Mechanical behavior and performance of injection molded semi-crystalline polymers.
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I have used computer simulations to investigate the behavior of polymeric materials at the molecular level. The simulations were performed using the molecular dynamics method with Lennard-Jones potentials defining the interactions between particles in the system. Significant effort was put into the creation of realistic materials on the computer. For this purpose, an algorithm was developed based on the step-wise polymerization process. The resulting computer-generated materials (CGMs) exhibit several features of real materials, such as molecular weight distribution and presence of chain entanglements. The effect of the addition of a liquid crystalline (LC) phase to the flexible matrix was also studied. The concentration and distribution of the second phase (2P) were found to influence the mechanical and tribological properties of the CGMs. The size of the 2P agglomerates was found to have negligible influence on the properties within the studied range. Moreover, although the 2P reinforcement increases the modulus, it favors crack formation and propagation. Regions of high LC concentration exhibit high probability of becoming part of the crack propagation path. Simulations of the tensile deformation under a uniaxial force have shown that the molecular deformation mechanisms developing in the material depend on several variables, such as the magnitude of the force, the force increase rate, and the level of orientation of the chains. Three-dimensional (3D) graphical visualization tools were developed for representation and analysis of the simulation results. These also present interesting educational possibilities. Computer simulations provide us information which is inaccessible experimentally. From the concomitant use of simulations and experiments, a better understanding of the molecular phenomena that take place during deformation of polymers has been established.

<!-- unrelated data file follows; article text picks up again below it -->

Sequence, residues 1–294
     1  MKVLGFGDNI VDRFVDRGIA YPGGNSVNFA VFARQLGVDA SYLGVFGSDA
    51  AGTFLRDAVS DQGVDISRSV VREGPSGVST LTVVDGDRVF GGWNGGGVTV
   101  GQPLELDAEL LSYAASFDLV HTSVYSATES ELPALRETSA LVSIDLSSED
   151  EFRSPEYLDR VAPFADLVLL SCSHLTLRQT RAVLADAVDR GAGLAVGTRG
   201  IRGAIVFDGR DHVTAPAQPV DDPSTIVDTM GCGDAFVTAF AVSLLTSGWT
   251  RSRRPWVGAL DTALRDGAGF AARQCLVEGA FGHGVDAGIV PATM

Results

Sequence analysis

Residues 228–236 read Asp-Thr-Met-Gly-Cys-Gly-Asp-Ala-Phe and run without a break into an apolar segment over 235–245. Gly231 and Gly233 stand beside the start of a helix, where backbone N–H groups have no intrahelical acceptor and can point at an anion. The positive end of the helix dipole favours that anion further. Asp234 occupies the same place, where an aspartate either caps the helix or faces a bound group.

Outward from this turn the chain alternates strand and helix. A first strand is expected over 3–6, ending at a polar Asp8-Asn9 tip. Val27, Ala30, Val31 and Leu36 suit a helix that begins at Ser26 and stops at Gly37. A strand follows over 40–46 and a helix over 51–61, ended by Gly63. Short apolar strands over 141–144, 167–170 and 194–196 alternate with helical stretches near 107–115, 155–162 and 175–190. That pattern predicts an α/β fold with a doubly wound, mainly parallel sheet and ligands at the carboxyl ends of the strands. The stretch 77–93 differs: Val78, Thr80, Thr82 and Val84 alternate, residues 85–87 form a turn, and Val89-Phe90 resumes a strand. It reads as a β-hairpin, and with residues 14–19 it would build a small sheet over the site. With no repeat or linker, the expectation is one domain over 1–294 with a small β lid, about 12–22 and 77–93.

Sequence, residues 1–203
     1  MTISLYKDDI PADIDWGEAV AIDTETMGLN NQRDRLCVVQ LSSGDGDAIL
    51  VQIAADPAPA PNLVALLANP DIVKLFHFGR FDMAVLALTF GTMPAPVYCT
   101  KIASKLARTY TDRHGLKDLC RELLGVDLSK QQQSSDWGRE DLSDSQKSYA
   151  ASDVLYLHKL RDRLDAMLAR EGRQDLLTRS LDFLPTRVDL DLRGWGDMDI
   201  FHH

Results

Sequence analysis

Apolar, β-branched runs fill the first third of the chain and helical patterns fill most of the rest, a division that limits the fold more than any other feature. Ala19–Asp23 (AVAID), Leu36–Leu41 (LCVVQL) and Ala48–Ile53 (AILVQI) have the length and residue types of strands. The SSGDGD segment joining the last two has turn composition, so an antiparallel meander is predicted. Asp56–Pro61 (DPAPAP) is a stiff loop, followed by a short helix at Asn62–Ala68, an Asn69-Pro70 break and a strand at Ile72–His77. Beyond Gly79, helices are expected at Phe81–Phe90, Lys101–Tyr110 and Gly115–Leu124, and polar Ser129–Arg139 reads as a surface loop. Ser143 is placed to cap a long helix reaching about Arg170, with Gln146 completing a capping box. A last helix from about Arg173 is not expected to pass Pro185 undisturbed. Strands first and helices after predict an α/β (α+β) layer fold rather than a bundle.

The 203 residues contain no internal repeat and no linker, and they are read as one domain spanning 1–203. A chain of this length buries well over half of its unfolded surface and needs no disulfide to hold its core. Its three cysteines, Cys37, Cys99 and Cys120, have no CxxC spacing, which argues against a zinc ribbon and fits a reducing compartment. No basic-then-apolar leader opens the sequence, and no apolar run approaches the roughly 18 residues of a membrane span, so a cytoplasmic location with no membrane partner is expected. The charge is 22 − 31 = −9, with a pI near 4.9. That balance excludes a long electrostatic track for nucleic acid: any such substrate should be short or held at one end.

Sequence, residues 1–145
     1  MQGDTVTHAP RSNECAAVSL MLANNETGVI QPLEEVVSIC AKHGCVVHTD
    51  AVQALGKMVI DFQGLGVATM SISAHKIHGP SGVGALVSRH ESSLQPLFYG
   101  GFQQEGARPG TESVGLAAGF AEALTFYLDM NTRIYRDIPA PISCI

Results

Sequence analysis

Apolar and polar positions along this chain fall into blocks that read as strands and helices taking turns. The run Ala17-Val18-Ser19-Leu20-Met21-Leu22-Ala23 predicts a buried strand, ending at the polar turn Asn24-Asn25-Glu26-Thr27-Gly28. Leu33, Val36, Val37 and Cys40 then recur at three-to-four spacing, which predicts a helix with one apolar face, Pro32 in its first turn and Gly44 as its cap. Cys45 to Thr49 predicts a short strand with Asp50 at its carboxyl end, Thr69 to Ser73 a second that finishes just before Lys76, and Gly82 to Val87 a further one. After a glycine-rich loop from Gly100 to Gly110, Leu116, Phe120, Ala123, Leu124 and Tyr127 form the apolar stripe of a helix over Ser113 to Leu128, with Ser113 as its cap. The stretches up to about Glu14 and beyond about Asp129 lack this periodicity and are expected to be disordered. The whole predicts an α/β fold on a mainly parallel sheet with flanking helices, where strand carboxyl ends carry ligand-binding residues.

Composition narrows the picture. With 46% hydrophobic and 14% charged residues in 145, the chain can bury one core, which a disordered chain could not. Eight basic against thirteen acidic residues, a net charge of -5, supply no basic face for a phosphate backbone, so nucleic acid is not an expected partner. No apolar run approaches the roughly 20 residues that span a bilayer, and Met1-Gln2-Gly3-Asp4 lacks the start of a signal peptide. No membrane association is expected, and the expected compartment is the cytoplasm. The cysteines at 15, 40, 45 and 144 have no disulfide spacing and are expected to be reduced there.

Mechanical Characterization of A2 and D2 Tool Steels By Nanoindentation
Nanoindentation technique was used to investigate the surface properties of A2 and D2 tool steel subjected to different heat treatments. the mechanical characteristics of these two easily available tool steels were studied based on microstructural images obtained from SEM, the grain growth after heat treatment using X-ray diffraction method and nanoindentation technique. the investigation showed that a single nanoindentation result can explain how heat treatment influences reliability and failure in A2 and D2 tool steels. in this work, the causes and effects of these variations were studied to explain how they influence reliability and failure in A2 and D2 tool steel. Finally, a cube-corner indenter tip was used to determine the fracture toughness of silicon wafer. the emphasis of this research is on how nanoindentation technique is more extensive in material characterization.
Mechanical Properties of Polymer Modified Mortar